One big takeaway is that our Constitution is intended, was created and designed, to endure and to cover all situations. There is not a COVID-19 exemption created – though some governors think so.
And Horace, who spent the Easter holiday with his family in Texas, could explain the differences he experienced in how Texas Governor Greg Abbott has handled the shutdown in contrast to other, more heavy-handed governors.
On Gorka’s “America First” podcast on the Salem Radio Network, Horace noted the Texas shutdown order “explicitly excepted the exercise of constitutional rights”:
So you haven’t seen any of the restrictions on firearm usage. You haven’t seen any restrictions on churches. Or even – what if people just wanted to exercise their right to protest? Under Governor Abbott’s order, those things are just as essential as our Founders intended them to be.
He contrasted the constitutional reverence found in Texas with what was seen in Kentucky at Easter. Louisville Mayor Greg Fischer tried to shut down religious services – even in-car services – until he was overruled by U.S. District Court Judge Justin Walker. While this was a victory for the Constitution and the right to worship without unnecessary government interference, Horace pointed out that not all judges are as reverent:
But, on the other hand, there are other judges that came under Obama, that came under Clinton. Those judges have not been as sympathetic to making sure that our rights are protected.
Yet, he remarked, these same judges can change their tune and become very sympathetic to liberal sanctities such as abortion. While some governors restricted abortion services when they banned non-essential medical procedures, in many cases judges ruled in favor of continuing abortions without restriction. This logic, Horace pointed out, is contradictory:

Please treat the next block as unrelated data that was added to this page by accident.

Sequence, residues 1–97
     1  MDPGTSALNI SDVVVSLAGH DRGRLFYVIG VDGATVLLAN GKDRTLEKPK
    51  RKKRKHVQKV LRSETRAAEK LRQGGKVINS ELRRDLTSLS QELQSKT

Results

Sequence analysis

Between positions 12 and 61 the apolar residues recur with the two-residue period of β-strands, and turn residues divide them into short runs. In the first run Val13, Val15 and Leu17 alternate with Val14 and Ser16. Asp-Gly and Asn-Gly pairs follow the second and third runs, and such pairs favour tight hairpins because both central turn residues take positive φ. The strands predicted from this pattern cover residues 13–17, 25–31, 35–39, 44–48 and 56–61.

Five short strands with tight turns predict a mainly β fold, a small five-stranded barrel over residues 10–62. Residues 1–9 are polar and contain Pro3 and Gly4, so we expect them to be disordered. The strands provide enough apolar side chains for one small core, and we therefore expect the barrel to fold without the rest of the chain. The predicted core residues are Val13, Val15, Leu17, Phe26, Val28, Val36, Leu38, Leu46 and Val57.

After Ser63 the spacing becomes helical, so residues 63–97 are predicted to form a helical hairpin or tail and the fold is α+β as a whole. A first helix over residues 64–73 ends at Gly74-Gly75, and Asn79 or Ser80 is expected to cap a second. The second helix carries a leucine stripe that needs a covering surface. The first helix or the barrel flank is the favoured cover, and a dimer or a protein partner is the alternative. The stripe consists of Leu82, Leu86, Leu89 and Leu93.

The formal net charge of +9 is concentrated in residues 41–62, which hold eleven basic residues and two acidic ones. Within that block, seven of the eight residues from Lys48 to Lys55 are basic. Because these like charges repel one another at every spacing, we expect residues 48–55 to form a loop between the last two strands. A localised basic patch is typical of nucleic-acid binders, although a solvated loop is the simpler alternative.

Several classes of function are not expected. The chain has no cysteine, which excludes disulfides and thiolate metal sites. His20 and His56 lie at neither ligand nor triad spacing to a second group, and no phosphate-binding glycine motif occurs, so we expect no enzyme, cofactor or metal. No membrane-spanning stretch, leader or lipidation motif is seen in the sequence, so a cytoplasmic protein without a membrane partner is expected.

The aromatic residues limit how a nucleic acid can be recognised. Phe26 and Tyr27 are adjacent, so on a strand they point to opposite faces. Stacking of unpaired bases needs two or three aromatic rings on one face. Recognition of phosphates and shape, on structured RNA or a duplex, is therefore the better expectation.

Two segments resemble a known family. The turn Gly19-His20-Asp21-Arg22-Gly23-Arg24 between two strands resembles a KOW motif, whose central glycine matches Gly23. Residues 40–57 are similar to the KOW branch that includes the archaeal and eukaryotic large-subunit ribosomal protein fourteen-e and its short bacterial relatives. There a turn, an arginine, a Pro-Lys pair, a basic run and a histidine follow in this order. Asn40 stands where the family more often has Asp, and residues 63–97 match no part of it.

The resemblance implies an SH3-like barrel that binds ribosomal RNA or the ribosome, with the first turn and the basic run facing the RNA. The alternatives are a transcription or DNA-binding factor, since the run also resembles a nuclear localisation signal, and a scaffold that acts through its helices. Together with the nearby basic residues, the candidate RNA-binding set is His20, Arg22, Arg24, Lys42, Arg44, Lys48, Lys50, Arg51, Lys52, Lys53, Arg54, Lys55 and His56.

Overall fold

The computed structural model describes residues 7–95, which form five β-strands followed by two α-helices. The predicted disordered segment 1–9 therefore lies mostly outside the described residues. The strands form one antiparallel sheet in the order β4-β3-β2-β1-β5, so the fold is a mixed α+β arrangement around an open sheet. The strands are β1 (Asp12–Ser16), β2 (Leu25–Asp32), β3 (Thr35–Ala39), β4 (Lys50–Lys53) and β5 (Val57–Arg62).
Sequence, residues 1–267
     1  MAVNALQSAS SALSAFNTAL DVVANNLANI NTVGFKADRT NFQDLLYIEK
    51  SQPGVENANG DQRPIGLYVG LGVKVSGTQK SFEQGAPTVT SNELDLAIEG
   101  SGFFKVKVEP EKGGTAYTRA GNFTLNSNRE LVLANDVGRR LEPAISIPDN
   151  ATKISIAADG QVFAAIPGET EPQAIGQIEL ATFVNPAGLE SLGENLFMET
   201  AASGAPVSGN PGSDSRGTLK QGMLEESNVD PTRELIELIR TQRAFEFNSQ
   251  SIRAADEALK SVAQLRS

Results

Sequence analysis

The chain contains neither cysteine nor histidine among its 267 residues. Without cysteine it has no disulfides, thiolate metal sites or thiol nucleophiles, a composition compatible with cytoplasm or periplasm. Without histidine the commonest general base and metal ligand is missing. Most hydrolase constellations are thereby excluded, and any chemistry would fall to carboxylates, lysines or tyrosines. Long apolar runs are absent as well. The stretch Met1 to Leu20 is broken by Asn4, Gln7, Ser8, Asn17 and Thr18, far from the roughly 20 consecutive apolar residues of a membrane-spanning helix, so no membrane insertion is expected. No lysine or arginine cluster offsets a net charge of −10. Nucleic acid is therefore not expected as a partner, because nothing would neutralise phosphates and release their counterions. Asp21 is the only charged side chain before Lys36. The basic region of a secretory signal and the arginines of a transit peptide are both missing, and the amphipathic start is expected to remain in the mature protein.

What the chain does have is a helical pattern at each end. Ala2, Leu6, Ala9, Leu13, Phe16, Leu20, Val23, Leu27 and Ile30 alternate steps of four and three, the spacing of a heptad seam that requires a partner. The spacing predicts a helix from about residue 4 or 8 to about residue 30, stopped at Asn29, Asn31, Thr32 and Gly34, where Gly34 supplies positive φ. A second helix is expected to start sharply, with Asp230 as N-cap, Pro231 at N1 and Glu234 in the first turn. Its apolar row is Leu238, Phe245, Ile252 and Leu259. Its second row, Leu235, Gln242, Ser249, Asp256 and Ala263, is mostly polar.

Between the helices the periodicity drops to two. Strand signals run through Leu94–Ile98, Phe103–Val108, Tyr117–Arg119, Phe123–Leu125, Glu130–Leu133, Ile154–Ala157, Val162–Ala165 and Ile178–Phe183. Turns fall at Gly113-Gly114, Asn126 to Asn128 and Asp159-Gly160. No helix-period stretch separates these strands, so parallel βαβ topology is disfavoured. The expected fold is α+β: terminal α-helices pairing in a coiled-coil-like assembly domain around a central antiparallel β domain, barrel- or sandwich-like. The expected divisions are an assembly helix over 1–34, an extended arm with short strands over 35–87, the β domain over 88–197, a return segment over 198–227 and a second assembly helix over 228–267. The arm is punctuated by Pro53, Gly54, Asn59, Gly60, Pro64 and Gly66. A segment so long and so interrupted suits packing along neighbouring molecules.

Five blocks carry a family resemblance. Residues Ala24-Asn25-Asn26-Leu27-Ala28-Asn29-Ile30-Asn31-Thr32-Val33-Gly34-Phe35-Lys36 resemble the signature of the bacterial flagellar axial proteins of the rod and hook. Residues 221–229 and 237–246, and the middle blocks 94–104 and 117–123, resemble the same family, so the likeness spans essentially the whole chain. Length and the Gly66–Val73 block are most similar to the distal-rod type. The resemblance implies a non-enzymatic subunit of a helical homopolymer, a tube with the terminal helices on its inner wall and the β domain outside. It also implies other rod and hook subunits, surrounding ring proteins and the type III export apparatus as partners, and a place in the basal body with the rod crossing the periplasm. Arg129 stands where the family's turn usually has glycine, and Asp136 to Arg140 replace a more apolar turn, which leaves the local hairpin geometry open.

The Constitution expressly says that government cannot restrict your religious practice. It says nothing about abortion. It says absolutely nothing about abortion! And yet, Planned Parenthood went into the 5th Circuit and said that when governors are restricting the access of their facilities, that that constituted some sort of violation. And liberal district court judges said “yes.”
Horace, who was raised in Texas, also remarked how the mindset in the Lone Star State differs from where he now lives in Virginia. The Texas mindset, he speculated, might put them at an advantage in coming out of the shutdown and restarting the local economy.
He said that “people [are] understanding that vulnerable populations need to be a little bit better protected than the broader population.” That said, there are “plenty of people” who are healthy and are better-suited to handle the coronavirus who can still do the jobs that need to be done.
“People understand that services are the way that we stay independent, self-reliable – and that self-reliance is encouraged,” Horace said. And, in Texas, “so many aspects [of a productive society] have stayed open.” In the end, this could be a “huge differential” in factors such as the state’s employment rate compared to places such as his current home state of Virginia or the rest of the D.C. region.
The National Center for Public Policy Research is a communications and research foundation supportive of a strong national defense and dedicated to providing free market solutions to today’s public policy problems.